The People’s Bank of China announced last Friday (Jan. 4) it was lowering bank’ reserve requirements by one percentage point. The cut will be accomplished in two rounds on January 15 and 25. While the easing frees up roughly 1.5 trillion yuan (220 billion dollars) in bank reserves, only about half will be available to boost banking sector liquidity. The remainder will go to servicing repayments of maturing central bank MLF loans. The PBoC usually tries to increase liquidity ahead of the Chinese Lunar New Year celebrations.
The general level of the reserve requirement ratio (RRR) for large banks falls to 13.5 % and for smaller banks to 11.5 %. China sets RRRs for each bank separately, so they can diverge from the general level. For example, banks whose loan portfolio consists a lot of so called small corporate loans are entitled to a lower RRR than other banks. At the start of this year, the PBoC changed its definition of small corporate loans to loans less than 10 million yuan (1.5 million dollars) per firm. The earlier ceiling was 5 million yuan.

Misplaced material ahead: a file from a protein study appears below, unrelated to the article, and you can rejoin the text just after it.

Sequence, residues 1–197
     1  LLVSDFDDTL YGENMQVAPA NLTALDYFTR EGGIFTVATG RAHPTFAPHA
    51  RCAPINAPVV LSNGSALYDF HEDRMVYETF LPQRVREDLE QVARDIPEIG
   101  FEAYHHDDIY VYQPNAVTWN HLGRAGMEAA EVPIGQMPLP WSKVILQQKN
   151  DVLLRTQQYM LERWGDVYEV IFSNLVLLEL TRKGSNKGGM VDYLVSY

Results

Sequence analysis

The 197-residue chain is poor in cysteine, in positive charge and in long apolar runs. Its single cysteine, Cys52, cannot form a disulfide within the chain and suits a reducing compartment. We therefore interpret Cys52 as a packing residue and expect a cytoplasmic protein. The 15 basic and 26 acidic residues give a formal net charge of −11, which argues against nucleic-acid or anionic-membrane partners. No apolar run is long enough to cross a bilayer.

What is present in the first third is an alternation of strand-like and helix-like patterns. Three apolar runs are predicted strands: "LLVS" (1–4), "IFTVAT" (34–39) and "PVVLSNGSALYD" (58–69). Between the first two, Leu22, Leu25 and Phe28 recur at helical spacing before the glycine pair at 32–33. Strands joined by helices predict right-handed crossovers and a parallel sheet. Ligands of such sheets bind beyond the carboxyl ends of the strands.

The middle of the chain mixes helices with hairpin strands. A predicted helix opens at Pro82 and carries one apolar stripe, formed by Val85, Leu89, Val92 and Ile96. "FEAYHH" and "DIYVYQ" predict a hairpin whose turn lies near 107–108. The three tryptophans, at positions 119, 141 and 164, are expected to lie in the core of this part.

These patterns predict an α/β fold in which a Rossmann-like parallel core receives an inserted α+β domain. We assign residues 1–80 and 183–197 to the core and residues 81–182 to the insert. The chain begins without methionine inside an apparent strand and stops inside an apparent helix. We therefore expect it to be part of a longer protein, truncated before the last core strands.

China has sought to refocus monetary policy to ease the access of small firms to financing. At the end of December, the PBoC launched a new targeted credit instrument that allows large banks the seek long-term central bank financing at slightly cheaper rates. The banks entitled to cheaper financing and how much were not specified.
It is difficult to monitor Chinese monetary policy, which is implemented through a variety of targeted monetary instruments for which exact information is not released. The PBoC sought to head off any speculation of a broad-based stimulus by stressing that a drop in the reserve requirement does not signal a shift in monetary policy, even if the measure was said to aim to support growth.
Reserve requirements for China’s large and small banks